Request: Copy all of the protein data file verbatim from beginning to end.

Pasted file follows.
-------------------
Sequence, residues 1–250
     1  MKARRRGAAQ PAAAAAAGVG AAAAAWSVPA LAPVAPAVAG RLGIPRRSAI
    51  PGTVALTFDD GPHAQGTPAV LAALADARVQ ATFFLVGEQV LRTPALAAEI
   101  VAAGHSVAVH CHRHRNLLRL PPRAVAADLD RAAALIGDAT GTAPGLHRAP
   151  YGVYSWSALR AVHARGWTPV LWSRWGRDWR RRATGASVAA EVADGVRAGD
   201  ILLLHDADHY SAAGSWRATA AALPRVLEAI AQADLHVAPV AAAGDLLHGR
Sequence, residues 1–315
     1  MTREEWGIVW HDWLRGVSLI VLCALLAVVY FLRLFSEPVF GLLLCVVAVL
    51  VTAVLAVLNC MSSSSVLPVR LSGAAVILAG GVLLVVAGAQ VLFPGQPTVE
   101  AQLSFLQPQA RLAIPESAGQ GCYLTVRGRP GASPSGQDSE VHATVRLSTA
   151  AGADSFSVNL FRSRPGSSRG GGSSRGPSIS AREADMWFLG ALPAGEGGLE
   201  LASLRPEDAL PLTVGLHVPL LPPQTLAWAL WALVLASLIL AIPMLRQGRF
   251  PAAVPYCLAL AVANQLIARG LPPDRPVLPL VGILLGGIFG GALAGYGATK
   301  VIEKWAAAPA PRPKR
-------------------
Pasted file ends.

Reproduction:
Sequence, residues 1–250
     1  MKARRRGAAQ PAAAAAAGVG AAAAAWSVPA LAPVAPAVAG RLGIPRRSAI
    51  PGTVALTFDD GPHAQGTPAV LAALADARVQ ATFFLVGEQV LRTPALAAEI
   101  VAAGHSVAVH CHRHRNLLRL PPRAVAADLD RAAALIGDAT GTAPGLHRAP
   151  YGVYSWSALR AVHARGWTPV LWSRWGRDWR RRATGASVAA EVADGVRAGD
   201  ILLLHDADHY SAAGSWRATA AALPRVLEAI AQADLHVAPV AAAGDLLHGR
Sequence, residues 1–315
     1  MTREEWGIVW HDWLRGVSLI VLCALLAVVY FLRLFSEPVF GLLLCVVAVL
    51  VTAVLAVLNC MSSSSVLPVR LSGAAVILAG GVLLVVAGAQ VLFPGQPTVE
   101  AQLSFLQPQA RLAIPESAGQ GCYLTVRGRP GASPSGQDSE VHATVRLSTA
   151  AGADSFSVNL FRSRPGSSRG GGSSRGPSIS AREADMWFLG ALPAGEGGLE
   201  LASLRPEDAL PLTVGLHVPL LPPQTLAWAL WALVLASLIL AIPMLRQGRF
   251  PAAVPYCLAL AVANQLIARG LPPDRPVLPL VGILLGGIFG GALAGYGATK
   301  VIEKWAAAPA PRPKR